Say you have a specific URL that, when you sent POST requests to will delete a user’s profile (say If an attacker now creates a page that sends a post request to that page with some JavaScript they just have to trick some users to load that page and their profiles will end up being deleted.

Imagine you were to run Facebook with millions of concurrent users and someone would send out links to images of little kittens. When users would go to that page, their profiles would get deleted while they are looking at images of fluffy cats.

How can you prevent that? Basically for each request that modifies content on the server you would have to either use a one-time token and store that in the cookie and also transmit it with the form data. After receiving the data on the server again, you would then have to compare the two tokens and ensure they are equal.

Why does Flask not do that for you? The ideal place for this to happen is the form validation framework, which does not exist in Flask.

JSON Security

In Flask 0.10 and lower, jsonify() did not serialize top-level arrays to JSON. This was because of a security vulnerability in ECMAScript 4.

ECMAScript 5 closed this vulnerability, so only extremely old browsers are still vulnerable. All of these browsers have other more serious vulnerabilities, so this behavior was changed and jsonify() now supports serializing arrays.

Security Headers

Browsers recognize various response headers in order to control security. We recommend reviewing each of the headers below for use in your application. The Flask-Talisman extension can be used to manage HTTPS and the security headers for you.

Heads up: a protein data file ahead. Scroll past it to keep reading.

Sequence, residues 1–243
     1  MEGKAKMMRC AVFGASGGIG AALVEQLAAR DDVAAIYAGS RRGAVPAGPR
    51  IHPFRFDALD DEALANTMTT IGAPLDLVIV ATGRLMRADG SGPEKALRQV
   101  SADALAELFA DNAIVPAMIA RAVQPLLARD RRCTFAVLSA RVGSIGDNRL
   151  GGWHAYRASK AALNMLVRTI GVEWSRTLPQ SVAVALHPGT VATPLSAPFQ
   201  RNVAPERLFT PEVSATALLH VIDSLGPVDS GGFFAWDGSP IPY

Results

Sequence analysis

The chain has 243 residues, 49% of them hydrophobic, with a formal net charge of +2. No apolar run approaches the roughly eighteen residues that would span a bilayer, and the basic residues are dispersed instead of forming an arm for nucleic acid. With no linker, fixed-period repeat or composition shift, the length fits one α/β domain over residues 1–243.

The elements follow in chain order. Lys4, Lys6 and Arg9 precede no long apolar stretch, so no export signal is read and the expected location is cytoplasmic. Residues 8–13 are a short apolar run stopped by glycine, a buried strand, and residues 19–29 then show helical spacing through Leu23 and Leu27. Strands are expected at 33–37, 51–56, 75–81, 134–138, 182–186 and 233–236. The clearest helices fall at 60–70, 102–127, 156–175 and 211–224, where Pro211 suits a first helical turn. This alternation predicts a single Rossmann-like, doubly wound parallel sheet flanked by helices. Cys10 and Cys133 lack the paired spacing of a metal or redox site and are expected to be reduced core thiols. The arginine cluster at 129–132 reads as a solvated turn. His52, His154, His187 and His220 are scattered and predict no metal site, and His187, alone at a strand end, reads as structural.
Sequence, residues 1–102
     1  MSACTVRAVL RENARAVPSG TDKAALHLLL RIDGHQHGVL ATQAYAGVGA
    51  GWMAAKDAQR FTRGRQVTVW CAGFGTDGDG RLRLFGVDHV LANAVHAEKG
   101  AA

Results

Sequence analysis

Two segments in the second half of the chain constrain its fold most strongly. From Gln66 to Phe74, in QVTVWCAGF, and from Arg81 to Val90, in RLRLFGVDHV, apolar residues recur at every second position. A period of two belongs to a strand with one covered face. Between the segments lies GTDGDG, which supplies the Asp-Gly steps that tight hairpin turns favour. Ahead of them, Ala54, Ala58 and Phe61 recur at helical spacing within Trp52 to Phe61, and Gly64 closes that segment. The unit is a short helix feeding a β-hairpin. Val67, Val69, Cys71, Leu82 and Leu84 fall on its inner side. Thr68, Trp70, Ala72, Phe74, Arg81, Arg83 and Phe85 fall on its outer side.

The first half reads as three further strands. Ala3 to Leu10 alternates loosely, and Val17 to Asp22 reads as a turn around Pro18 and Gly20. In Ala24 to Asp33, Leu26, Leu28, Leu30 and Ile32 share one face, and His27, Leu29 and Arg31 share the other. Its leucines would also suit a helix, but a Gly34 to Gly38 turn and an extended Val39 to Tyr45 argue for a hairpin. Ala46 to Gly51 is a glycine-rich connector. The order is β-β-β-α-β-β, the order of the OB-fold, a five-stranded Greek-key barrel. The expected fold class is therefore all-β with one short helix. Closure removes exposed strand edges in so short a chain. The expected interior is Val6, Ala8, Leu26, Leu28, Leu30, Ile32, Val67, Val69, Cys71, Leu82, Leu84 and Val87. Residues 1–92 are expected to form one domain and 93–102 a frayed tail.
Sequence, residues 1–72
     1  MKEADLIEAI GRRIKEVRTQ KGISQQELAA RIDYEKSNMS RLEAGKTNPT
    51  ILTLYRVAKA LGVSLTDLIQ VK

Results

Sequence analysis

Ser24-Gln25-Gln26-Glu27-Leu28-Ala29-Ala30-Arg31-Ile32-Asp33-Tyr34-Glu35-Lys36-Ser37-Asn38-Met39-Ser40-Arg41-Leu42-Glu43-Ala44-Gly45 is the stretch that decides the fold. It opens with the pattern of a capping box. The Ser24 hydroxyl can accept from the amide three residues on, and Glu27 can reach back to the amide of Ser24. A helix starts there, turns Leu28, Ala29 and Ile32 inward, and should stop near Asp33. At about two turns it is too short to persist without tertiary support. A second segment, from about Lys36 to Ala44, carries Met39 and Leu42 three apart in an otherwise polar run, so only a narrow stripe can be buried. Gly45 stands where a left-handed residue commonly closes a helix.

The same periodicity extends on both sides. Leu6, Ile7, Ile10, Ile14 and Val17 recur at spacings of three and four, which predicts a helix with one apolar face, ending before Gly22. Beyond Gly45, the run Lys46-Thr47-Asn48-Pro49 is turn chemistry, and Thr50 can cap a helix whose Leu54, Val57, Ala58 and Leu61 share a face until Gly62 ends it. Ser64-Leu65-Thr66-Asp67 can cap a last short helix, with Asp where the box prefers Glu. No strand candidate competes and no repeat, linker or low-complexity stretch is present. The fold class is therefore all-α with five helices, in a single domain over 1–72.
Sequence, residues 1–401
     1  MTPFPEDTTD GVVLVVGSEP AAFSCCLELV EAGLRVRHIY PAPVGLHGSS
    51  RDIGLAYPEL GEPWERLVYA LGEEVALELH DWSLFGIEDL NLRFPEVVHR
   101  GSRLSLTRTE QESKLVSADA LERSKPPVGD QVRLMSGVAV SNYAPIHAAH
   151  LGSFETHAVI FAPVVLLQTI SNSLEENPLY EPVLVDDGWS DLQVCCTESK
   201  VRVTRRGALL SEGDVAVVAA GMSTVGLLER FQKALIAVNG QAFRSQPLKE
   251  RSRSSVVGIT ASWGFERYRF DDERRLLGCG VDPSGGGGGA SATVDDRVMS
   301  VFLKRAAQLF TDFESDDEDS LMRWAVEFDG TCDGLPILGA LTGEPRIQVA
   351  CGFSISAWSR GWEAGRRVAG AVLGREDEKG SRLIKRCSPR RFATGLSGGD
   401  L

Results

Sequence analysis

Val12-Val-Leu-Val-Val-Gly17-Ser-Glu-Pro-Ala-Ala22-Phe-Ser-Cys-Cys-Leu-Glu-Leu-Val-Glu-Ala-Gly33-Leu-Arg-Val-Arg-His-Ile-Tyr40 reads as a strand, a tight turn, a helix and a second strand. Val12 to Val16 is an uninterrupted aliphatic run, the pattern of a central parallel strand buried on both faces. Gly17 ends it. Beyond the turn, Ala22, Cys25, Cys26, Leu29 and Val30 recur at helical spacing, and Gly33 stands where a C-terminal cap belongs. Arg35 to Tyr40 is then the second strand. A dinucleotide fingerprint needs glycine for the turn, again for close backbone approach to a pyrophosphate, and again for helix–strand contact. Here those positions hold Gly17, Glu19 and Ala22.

HTTP Strict Transport Security (HSTS)

Tells the browser to convert all HTTP requests to HTTPS, preventing man-in-the-middle (MITM) attacks.

response.haders['Strict-Transport-Security'] = 'max-age=31536000; includeSubDomains'

Content Security Policy (CSP)

Tell the browser where it can load various types of resource from. This header should be used whenever possible, but requires some work to define the correct policy for your site. A very strict policy would be:

response.headers['Content-Security-Policy'] = "default-src 'self'"


Forces the browser to honor the response content type instead of trying to detect it, which can be abused to generate a cross-site scripting (XSS) attack.

response.headers['X-Content-Type-Options'] = 'nosniff'


Prevents external sites from embedding your site in an iframe. This prevents a class of attacks where clicks in the outer frame can be translated invisibly to clicks on your page’s elements. This is also known as “clickjacking”.

response.headers['X-Frame-Options'] = 'SAMEORIGIN'


The browser will try to prevent reflected XSS attacks by not loading the page if the request contains something that looks like JavaScript and the response contains the same data.

response.headers['X-XSS-Protection'] = '1; mode=block'

HTTP Public Key Pinning (HPKP)

This tells the browser to authenticate with the server using only the specific certificate key to prevent MITM attacks.


Be careful when enabling this, as it is very difficult to undo if you set up or upgrade your key incorrectly.